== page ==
Presented by Dr Richard Gater
This seminar discusses my PhD research which explored the school-to-work transition and masculine identity of a group of marginalised working-class young men from the South Wales Valleys. The research was undertaken collaboratively with a youth centre and consisted of an ethnographic study of nine young men, plus interviews with youth workers and a schoolteacher. The research engaged with the themes of masculinity and social class, whilst also considering predicted future employment changes and the possible implication of these changes for the participants’ educational experiences and employment aspirations.
The participants were considered in relation to the 1977 research on ‘the lads’ conducted by Paul Willis. Although there were similarities to the lads, there were also notable changes in the young men’s views and behaviour, including a pragmatic approach to education as opposed to anti-learning, some deviation from a manual employment orientation, softer displays of masculinity and a rupturing of previous modes of being that derived from heavy industrial masculinity. The significance of this is that while previous research has identified opposition to neoliberal individualism, service sector employment and emotional labour among a previous generation of young men in the area (Gater 2022), the current research identifies significant generational changes.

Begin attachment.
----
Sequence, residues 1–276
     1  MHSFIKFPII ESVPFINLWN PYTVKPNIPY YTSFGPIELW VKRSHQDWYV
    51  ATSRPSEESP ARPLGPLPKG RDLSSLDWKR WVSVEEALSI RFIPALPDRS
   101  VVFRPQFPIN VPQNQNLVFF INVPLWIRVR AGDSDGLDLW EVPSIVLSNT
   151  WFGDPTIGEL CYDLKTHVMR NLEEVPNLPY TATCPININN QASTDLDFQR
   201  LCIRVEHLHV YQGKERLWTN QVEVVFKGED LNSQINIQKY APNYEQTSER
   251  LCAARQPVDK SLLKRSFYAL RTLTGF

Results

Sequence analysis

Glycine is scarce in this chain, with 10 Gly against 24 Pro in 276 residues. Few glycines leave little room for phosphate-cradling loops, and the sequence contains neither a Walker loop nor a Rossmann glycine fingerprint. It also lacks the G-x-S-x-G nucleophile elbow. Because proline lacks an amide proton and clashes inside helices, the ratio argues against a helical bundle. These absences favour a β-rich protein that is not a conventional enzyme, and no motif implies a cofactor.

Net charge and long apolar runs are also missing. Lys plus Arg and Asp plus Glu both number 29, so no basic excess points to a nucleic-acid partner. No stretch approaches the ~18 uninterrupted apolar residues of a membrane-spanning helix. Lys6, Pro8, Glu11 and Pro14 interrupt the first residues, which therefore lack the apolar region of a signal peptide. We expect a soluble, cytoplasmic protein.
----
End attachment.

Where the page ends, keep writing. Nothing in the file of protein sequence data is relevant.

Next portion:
In light of predicted future employment changes related to increased automation and new technologies, it is vital to consider how young men such as these might have access to better-paid and skilled employment. The results of this research allow us to consider employment futures other than low-skilled manual employment and potentially increase the life chances of marginalised working-class young men.
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